At La Pitie-Salpetriere, which specializes in emergency cases and cardiovascular medicine, Diana's heart stopped again. Doctors only then discovered the full extent of her wounds. A small but vital pulmonary vein had broken, the newspaper said, and almost a gallon and a half of blood--much of what her body had contained--had spilled into her rib cage area.
Doctors desperately tried to stitch the crucial vein back together, but it was too late.
The account of the slow-moving ambulance ride seemed certain to amplify rising criticism in Britain that Diana was not given the best of emergency care.
Some medical experts on the other side of the Channel had praised the French for their actions, noting the extreme gravity of the princess' wounds. But that was before more details were known.
A second Paris newspaper, Le Monde, sprang to the defense of the rescue and medical workers Wednesday, devoting an entire page to what it termed "facts versus rumors."
After receiving the first call at 12:26 a.m., about six minutes after the accident, three ambulances were on the scene by 12:40 a.m., Le Monde said. Firefighters had already arrived.
And to rebut charges from incensed British tabloids that the French investigation is moving at a snail's pace, Le Monde reported that 50 police detectives were put on the case in its earliest hours.
More than 100 eyewitnesses have been interviewed, Le Monde said, and 10 days after the wreck, 30 officers from an elite police unit were still examining what happened.
Meanwhile, doctors consulted Wednesday about the possible side effects of the Mercedes driver's having mixed alcohol and drugs were not unanimous, but one Paris specialist said the nature of the substances--fluoxetine and tiapride--found in Henri Paul's body indicated that the Hotel Ritz employee who held Diana's life in his hands that night was a deeply depressed individual trying to cope with alcohol-induced aggressive tendencies or impulsiveness.
Dr. Denis Puech, a specialist on depression at St. Antoine's Hospital, said fluoxetine is the active agent in the powerful and popular antidepressant Prozac.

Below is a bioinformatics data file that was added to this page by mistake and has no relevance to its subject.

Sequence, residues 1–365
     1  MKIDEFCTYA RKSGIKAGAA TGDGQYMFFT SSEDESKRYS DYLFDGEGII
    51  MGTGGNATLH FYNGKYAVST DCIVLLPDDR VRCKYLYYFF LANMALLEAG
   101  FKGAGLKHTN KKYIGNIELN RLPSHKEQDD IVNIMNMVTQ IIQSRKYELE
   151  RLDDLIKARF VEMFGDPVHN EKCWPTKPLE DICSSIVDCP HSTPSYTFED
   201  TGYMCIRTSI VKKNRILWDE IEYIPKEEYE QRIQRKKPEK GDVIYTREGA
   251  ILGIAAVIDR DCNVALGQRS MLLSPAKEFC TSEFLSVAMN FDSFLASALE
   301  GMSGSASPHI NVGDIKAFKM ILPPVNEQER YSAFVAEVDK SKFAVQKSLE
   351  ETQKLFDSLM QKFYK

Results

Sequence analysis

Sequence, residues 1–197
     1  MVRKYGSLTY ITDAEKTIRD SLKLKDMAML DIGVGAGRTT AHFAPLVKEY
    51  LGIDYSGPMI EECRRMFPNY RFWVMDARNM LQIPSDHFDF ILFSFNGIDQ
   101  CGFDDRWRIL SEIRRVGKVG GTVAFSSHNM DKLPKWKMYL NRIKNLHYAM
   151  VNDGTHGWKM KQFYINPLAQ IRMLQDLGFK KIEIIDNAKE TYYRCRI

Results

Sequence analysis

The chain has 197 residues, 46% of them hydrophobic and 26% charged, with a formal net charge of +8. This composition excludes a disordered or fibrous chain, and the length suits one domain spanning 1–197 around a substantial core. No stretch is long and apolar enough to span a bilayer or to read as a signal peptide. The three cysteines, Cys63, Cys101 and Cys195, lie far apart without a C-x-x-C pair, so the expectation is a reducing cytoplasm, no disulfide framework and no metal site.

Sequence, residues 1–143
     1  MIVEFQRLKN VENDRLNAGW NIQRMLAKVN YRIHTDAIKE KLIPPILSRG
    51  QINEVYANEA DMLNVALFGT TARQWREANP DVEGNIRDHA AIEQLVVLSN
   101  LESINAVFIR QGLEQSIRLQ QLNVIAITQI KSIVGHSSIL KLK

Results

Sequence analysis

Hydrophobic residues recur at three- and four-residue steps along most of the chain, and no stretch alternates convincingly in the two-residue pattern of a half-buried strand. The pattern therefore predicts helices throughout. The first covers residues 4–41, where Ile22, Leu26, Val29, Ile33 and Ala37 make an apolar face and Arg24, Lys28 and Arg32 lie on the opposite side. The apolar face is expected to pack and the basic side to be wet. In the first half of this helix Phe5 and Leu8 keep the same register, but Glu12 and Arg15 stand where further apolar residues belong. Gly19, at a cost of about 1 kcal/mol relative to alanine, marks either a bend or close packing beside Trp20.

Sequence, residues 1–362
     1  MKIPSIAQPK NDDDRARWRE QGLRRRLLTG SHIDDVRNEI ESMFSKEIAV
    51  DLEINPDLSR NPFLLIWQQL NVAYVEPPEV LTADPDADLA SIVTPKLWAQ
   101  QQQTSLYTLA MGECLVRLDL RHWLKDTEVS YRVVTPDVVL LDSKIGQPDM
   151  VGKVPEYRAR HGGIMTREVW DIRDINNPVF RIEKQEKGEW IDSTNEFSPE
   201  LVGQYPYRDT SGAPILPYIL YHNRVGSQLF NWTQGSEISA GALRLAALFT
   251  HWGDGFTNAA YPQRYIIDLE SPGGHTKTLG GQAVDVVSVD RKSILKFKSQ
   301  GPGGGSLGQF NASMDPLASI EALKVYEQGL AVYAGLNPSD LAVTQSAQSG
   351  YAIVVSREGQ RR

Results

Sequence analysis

Tiapride, the other drug found during a post-mortem examination of Paul's body, is the active ingredient in the French sedative Tiapridal, Puech said. Tiapridal is mainly given to people with "behavioral troubles" linked to a chronic drinking habit, including being impulsive or unusually aggressive, he said.
The Vidal, the French physician's standard desktop reference, says both drugs should be "used with prudence by drivers or people operating machinery."
In its statement, the prosecutor's office said the amount of the Prozac drug detected indicated that Paul had been taking it regularly, while lesser levels of tiapride turned up.
The tests, conducted last week in the presence of Investigating Magistrate Herve Stephan, also reconfirmed earlier post-mortems that found that Paul, deputy security chief at the Ritz, had consumed the equivalent of a bottle and a half of wine, and had more than three times the legally permitted limit of alcohol in his blood.
Though French officials have backed off earlier, precise estimates of the speed that Paul was driving, witness accounts have led police to believe that he was going more than 86 mph in a 30-mph zone. When the Mercedes-Benz he was driving rammed into a concrete pillar in an underground tunnel, only the car's fourth passenger, a bodyguard, survived.